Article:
The Domestic Violence (DV) group started a basket weaving class to help women relax, provide a safe place to talk and learn a new skill.
“The DV group also had men and women from the Work For the Dole program at the same time making White Ribbons for White Ribbon Day (25 November). During these programs we had a vision to create a film on domestic violence and the effects it has on women, families and children,” Senior Project Officer with Western Plains Regional Development said.
She added the DV group, in conjunction with project partners NSW Police, had seen the need to break the silence on domestic violence.
Unfortunately, the three Local Government Area within the LAC are all in the top 20 NSW Bureau of Crime Statistics and Research (BOSCAR) rankings for the reporting of domestic assaults. Forbes is ranked at 11, Lachlan at 16 and Parkes at 17.
Superintendent Chris Taylor said Police would not resile from using all the tools that they have available to bring perpetrators of domestic violence to account for their actions.
“Congratulations to all those involved in the concept and production of this very worthwhile endeavour,” he said at the launch.
“It is an excellent production, which although made here in Condobolin, is not location specific but applies right across Australia and has relevance as an education tool.
“Nowhere is immune from domestic violence. I wish the Lachlan DV Committee all the best in their production of this resource.”
It is hoped that a major network will pick up the film and get the message into mainstream media. The DV Committee is now also in the process of having the film put through the Australian Teachers of Media for a study guide, which will then be able to be implemented into all schools PD/H/PE curriculum. This was made possible by donations from Aboriginal Strategic Direction Crime Prevention Grant, NSW Police Force; House With No Steps, Forbes, Forbes Evening CWA Branch and Bedgerebong CWA Branch.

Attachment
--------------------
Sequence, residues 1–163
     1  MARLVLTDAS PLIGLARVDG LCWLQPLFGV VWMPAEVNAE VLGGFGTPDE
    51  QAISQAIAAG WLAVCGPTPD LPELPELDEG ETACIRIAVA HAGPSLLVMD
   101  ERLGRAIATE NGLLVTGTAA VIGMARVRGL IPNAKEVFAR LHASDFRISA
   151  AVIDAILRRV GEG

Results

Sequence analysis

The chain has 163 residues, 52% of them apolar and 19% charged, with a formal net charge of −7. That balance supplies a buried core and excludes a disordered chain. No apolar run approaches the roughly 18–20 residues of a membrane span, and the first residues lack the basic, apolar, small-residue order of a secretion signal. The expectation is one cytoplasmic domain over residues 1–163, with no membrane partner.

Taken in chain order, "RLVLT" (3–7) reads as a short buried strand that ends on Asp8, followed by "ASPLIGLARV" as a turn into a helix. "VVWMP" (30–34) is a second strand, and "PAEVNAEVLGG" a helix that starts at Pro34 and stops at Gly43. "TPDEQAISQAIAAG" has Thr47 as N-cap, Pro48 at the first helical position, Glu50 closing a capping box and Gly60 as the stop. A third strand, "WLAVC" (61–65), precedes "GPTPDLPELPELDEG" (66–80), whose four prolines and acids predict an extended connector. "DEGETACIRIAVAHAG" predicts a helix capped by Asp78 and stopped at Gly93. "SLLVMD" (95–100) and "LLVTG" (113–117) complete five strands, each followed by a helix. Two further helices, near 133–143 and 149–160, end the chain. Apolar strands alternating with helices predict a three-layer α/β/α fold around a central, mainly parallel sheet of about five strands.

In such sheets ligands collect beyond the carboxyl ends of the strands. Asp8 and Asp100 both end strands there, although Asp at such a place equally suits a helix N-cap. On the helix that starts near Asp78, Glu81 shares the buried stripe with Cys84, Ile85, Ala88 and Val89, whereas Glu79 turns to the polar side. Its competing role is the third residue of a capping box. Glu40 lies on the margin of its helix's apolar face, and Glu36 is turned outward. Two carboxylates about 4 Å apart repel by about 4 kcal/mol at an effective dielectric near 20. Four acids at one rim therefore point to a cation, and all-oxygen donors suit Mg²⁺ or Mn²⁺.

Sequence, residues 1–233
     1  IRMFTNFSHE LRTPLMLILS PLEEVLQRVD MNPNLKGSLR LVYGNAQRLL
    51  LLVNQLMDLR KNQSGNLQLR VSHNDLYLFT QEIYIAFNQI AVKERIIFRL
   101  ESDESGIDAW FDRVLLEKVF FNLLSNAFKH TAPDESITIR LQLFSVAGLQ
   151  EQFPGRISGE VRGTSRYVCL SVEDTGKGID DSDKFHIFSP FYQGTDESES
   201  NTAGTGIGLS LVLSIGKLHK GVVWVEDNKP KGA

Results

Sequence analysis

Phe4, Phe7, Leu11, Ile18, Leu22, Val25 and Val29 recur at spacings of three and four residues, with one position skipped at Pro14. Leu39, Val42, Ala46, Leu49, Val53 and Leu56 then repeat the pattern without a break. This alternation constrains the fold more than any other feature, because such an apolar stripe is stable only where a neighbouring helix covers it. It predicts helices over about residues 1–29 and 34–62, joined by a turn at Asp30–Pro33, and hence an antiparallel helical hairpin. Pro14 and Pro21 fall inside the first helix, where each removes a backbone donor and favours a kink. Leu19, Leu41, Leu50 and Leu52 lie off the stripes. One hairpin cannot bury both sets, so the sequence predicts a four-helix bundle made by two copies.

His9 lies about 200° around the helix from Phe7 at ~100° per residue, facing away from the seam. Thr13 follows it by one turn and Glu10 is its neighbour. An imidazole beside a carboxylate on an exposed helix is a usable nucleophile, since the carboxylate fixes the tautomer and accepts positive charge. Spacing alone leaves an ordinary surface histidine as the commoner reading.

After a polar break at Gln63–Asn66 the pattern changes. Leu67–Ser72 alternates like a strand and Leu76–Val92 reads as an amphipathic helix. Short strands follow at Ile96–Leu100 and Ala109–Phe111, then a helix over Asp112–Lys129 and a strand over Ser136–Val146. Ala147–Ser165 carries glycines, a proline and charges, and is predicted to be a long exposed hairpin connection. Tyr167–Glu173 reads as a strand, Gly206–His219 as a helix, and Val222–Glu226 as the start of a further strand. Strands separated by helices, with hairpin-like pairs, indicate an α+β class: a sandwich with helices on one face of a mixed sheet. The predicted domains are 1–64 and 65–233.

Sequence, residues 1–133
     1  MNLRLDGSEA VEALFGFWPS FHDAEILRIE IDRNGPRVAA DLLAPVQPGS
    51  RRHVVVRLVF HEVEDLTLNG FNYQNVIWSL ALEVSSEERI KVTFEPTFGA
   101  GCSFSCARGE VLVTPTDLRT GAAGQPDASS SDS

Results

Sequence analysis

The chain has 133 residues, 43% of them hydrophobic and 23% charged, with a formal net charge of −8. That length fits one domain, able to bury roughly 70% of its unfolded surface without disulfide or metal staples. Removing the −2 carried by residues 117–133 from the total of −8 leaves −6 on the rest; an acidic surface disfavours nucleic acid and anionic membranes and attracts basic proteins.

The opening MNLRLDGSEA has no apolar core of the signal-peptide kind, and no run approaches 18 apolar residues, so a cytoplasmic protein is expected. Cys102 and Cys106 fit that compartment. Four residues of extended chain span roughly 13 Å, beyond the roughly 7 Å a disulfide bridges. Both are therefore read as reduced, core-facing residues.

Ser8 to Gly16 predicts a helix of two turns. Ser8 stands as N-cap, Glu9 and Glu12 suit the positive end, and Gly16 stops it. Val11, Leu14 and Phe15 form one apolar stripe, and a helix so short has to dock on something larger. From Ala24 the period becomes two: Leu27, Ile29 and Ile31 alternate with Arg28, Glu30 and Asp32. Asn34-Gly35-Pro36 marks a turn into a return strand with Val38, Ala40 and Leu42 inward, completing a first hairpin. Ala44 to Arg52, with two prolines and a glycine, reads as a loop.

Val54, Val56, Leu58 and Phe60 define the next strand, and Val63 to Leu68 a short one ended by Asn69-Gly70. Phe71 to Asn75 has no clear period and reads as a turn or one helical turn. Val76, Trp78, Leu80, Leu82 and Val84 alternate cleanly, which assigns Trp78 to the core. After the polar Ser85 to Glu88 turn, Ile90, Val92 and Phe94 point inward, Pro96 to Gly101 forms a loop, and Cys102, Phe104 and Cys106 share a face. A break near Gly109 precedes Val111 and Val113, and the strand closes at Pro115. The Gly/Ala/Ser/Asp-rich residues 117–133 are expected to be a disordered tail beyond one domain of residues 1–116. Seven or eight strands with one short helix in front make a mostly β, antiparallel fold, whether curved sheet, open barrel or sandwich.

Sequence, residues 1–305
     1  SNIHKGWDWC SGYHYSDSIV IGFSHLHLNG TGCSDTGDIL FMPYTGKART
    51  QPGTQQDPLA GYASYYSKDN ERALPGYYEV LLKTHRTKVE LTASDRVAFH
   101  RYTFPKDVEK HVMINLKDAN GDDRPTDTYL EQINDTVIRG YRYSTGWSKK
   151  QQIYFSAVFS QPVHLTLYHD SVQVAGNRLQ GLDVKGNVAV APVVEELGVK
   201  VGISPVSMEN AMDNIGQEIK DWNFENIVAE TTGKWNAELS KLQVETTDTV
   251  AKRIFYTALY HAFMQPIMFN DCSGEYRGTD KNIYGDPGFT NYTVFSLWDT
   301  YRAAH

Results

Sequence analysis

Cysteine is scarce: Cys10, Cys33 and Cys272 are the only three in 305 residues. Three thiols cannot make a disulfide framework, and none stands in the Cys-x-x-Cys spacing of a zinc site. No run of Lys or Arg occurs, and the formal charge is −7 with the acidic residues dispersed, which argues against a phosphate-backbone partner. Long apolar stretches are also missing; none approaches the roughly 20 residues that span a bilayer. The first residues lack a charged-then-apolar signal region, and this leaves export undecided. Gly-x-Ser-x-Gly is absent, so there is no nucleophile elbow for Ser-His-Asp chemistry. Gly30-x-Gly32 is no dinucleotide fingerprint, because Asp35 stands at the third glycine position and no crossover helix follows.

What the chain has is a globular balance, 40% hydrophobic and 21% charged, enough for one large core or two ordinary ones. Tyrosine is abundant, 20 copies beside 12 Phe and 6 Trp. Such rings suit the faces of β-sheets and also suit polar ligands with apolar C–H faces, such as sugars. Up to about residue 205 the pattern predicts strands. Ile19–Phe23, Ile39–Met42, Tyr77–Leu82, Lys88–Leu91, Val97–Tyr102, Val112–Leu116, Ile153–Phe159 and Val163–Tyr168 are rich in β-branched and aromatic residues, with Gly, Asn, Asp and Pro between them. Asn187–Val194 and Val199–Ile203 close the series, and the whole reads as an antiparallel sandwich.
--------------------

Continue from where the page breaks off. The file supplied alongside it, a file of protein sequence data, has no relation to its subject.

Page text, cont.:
Honouring courage, sacrifice and service

Members of the LAC saluting their fallen comrades at the Police Remembrance Day at St Joseph’s Catholic Church at Condobolin on Tuesday 29 September.

The Mayors of Lachlan, Forbes and Parkes attended the ceremony.

By Melissa Blewitt

Condobolin helped to honour the courage and sacrifice of fallen police officers at this year’s annual National Police Remembrance Day service for the Lachlan Local Area Command (LAC).

The service was held at Condobolin St Joseph’s Catholic Church on Tuesday, 29 September.

One of the most important events on the NSW Police Force calendar, National Police Remembrance Day (29 September), is one where police and the community remember those officers who have given their lives in the course of their duties. The solemn service remembered fallen officers from the NSW Police Force, and their comrades from throughout Australia, New Zealand, Papua New Guinea, Samoa and the Solomon Islands.

LAC Superintendent Chris Taylor said National Police Rememberance Day is a day of great significance for policing. “Each September, families, loved ones, fellow officers and the wider community gather to remember those police officers who have lost their lives in the course of serving their community,” he said.